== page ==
Meanwhile, Russia has no way to study the examination results "either because our Berlin colleagues do not want it, or because the patient himself does not want it".

"All this raises questions. We cannot answer these questions now, but all this complicates our attempts to find out what actually happened," Peskov concluded.

On Thursday, Russian Foreign Ministry Spokeswoman Maria Zakharova stated that the idea of naming the European Union’s new human rights sanctions after Navalny is aimed at directing the restrictions against Moscow, commenting on EU High Representative for Foreign Affairs and Security Policy Josep Borrell’s initiative on the matter.

"We view initiatives on naming new EU sanctions after Navalny as an overt attempt to direct them against Russia," she pointed out.

According to Zakharova, certain political forces in the EU are boosting an information campaign aimed at making sure that Brussels won’t backpedal on its destructive policy towards Moscow.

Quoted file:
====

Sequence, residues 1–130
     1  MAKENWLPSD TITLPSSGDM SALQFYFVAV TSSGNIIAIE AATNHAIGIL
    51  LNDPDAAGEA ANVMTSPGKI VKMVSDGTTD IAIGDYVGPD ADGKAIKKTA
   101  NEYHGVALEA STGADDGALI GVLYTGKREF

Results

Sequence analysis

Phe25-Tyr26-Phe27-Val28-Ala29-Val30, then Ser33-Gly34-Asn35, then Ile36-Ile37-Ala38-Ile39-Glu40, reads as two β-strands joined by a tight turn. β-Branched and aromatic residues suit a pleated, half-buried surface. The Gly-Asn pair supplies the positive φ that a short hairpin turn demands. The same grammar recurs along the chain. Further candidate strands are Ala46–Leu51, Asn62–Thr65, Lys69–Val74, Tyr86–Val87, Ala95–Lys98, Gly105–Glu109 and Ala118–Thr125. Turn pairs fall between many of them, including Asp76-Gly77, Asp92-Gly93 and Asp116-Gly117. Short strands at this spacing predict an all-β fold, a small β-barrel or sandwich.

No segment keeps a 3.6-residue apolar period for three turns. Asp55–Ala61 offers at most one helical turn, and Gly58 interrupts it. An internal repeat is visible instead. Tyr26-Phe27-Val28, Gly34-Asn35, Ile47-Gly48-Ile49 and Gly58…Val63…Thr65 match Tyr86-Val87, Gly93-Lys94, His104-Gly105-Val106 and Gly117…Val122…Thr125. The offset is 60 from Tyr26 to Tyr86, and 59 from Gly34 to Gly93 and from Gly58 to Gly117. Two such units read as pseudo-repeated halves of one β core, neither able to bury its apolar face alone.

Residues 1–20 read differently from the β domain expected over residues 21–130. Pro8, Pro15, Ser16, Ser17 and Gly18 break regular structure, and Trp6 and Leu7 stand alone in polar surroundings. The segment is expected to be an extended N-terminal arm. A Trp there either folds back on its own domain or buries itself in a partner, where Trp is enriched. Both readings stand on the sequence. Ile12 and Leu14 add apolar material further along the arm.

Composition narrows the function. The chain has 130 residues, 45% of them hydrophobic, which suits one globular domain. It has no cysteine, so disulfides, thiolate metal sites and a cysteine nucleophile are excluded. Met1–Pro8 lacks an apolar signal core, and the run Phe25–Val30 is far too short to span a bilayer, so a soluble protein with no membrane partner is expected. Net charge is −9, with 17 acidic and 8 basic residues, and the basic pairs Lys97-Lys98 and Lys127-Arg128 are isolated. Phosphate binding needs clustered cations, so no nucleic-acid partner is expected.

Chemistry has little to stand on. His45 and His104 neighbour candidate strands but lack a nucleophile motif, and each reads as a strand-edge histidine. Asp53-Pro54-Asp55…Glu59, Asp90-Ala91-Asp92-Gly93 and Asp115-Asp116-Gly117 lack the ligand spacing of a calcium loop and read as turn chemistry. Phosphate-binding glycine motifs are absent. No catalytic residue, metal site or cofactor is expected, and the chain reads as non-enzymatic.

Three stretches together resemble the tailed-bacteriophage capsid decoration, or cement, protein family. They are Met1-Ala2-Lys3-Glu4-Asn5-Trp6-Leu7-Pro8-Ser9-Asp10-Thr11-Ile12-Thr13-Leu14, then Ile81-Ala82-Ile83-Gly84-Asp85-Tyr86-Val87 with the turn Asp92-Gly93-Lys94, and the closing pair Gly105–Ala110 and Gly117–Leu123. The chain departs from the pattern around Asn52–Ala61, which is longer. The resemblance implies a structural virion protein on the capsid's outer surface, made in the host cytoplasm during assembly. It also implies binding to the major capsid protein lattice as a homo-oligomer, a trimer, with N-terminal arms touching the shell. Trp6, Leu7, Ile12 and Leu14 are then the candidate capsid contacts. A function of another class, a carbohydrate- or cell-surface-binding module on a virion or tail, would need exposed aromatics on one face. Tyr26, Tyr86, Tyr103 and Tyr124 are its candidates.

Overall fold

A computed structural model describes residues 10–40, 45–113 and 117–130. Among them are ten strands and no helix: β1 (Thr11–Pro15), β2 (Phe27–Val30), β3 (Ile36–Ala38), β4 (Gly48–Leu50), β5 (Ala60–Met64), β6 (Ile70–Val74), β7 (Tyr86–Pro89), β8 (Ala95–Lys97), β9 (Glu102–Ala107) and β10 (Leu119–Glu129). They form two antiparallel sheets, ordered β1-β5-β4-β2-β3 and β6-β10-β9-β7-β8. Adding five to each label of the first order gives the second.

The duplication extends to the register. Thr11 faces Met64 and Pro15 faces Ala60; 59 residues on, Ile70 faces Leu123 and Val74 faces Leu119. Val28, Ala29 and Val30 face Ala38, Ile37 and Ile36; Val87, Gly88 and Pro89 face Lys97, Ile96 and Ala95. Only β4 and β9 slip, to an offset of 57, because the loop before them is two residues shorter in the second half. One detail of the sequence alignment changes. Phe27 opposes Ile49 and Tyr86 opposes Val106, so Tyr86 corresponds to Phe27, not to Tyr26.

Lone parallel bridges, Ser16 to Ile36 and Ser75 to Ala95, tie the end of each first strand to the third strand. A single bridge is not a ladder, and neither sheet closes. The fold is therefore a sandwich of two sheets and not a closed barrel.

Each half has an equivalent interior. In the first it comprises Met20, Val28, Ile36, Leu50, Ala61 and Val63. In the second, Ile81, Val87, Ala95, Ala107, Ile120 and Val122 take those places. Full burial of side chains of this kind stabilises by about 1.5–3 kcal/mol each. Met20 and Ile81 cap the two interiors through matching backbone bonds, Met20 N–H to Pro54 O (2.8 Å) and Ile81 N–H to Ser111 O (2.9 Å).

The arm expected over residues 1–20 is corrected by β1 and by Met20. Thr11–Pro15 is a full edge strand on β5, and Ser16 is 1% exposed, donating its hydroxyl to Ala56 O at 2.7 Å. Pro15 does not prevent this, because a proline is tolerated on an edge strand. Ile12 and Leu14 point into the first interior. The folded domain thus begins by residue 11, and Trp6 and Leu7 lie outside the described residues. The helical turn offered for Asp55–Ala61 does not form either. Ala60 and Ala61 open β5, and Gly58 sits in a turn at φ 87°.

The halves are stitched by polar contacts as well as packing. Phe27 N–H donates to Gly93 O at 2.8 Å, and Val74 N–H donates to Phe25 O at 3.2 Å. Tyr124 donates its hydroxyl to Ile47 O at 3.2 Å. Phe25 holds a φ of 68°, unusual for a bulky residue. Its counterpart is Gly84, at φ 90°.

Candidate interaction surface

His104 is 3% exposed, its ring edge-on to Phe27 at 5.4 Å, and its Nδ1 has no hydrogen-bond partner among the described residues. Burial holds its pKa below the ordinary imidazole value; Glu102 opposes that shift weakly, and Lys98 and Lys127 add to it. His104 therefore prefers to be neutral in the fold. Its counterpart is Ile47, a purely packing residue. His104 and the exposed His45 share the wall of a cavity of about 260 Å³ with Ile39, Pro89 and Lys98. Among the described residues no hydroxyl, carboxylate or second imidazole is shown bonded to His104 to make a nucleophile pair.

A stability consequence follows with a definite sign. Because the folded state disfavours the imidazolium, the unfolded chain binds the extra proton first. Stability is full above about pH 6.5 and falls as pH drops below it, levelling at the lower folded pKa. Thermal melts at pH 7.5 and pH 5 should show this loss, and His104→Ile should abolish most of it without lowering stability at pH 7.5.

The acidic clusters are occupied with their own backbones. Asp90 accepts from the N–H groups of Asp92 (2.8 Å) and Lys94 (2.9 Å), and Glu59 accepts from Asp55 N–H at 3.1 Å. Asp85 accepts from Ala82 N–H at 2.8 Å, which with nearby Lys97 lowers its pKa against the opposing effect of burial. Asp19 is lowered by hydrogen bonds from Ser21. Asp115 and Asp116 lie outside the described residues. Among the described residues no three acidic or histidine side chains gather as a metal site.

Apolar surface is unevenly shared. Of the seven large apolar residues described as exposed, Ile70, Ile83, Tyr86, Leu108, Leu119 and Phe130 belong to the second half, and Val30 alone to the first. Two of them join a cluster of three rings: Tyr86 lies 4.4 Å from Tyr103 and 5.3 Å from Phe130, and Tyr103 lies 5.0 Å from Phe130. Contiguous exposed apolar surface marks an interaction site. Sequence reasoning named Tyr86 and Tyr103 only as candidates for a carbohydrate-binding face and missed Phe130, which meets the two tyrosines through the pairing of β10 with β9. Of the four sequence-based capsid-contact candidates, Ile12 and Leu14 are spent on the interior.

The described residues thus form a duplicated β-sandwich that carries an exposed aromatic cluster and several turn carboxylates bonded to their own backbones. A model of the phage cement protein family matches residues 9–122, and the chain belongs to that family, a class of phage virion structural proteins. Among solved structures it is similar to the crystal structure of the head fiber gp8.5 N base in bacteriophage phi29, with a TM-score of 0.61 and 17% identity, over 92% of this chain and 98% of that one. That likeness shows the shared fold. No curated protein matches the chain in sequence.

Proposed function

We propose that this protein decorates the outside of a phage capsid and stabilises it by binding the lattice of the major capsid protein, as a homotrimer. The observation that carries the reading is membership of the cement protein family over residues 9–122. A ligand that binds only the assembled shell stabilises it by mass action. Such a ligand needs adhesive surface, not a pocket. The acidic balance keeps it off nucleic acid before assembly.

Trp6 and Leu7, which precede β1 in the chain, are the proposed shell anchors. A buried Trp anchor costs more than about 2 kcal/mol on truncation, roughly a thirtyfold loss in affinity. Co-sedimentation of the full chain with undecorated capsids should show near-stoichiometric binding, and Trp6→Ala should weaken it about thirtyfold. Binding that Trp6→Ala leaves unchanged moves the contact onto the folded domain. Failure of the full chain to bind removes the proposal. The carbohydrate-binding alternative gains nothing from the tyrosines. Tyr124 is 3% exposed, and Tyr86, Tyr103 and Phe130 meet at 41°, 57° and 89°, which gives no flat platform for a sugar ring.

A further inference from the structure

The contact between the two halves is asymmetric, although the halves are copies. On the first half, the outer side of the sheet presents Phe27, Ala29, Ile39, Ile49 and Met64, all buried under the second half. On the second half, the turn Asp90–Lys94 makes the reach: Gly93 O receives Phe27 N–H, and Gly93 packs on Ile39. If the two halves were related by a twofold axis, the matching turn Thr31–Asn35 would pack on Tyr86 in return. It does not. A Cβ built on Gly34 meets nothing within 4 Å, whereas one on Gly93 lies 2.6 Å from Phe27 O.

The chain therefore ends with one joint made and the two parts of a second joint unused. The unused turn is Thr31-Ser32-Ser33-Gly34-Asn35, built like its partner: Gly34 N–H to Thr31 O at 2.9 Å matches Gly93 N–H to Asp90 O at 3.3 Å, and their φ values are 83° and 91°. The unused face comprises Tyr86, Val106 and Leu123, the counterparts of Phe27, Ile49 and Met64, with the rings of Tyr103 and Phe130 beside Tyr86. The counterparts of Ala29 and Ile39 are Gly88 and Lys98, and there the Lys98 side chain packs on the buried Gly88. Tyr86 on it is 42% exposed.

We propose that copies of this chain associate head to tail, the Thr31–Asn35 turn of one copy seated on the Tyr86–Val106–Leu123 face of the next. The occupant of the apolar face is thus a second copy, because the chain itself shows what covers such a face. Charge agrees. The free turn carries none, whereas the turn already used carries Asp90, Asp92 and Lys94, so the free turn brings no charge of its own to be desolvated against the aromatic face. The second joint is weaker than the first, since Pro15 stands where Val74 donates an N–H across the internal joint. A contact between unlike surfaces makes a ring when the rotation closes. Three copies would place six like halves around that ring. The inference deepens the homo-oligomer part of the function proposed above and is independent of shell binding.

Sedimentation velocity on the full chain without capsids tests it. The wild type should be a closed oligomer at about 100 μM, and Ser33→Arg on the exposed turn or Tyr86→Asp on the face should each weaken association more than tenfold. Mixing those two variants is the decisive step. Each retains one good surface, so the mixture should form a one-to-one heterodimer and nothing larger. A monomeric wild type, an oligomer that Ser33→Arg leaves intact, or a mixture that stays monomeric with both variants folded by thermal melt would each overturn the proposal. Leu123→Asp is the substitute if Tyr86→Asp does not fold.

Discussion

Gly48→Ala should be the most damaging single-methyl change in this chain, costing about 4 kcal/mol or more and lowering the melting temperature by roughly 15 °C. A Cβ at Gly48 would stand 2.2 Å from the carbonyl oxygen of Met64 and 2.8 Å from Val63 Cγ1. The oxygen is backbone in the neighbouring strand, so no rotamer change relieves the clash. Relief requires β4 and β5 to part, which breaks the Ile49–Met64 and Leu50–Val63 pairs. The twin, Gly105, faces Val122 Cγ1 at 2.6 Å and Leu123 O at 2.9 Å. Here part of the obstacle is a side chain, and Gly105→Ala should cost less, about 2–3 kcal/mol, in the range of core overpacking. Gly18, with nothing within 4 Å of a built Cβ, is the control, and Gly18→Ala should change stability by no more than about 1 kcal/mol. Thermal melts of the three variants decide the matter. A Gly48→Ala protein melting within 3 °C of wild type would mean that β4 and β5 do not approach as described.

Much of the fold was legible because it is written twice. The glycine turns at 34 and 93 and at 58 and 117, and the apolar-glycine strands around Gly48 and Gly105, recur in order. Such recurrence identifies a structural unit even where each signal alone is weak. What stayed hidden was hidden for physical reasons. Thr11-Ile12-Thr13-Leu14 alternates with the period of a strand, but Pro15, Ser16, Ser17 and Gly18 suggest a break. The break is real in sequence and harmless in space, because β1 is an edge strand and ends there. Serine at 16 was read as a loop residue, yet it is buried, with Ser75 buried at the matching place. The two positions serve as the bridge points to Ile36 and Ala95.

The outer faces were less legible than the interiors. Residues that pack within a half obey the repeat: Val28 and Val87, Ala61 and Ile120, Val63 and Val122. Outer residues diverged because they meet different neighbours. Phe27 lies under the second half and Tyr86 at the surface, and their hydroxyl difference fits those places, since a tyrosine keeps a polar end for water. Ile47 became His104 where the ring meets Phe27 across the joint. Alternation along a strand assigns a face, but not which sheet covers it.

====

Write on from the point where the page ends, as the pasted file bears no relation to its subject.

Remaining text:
"We expect that common sense will prevail in the European Union, so that our partners will abandon the practice of passing the buck randomly and will draw conclusions only from documented facts in the future," the Russian diplomat stressed.

She noted that Moscow’s calls on Berlin to cooperate in sorting out the Navalny incident were being ignored under flimsy excuses.

Borrell earlier told the European Parliament that the EU was working on human rights sanctions that could be called the ‘Navalny sanctions regime’ "in the same way that the Americans call it the 'Magnitsky Act’".

On August 20, a plane carrying Navalny made an emergency landing in the Russian city of Omsk after the blogger had suddenly felt unwell in mid-flight. Navalny was taken to the hospital in a coma and was hooked up to a ventilator. On August 22, he was flown to Germany for treatment at Berlin’s Charite hospital.

The German government announced on September 2, citing the results of a toxicological analysis carried out by Bundeswehr experts, that Navalny had been poisoned with a Novichok nerve agent. Peskov stated that Moscow was ready to fully cooperate with Berlin. Zakharova, in turn, noted that Germany had failed to provide any evidence of poisoning.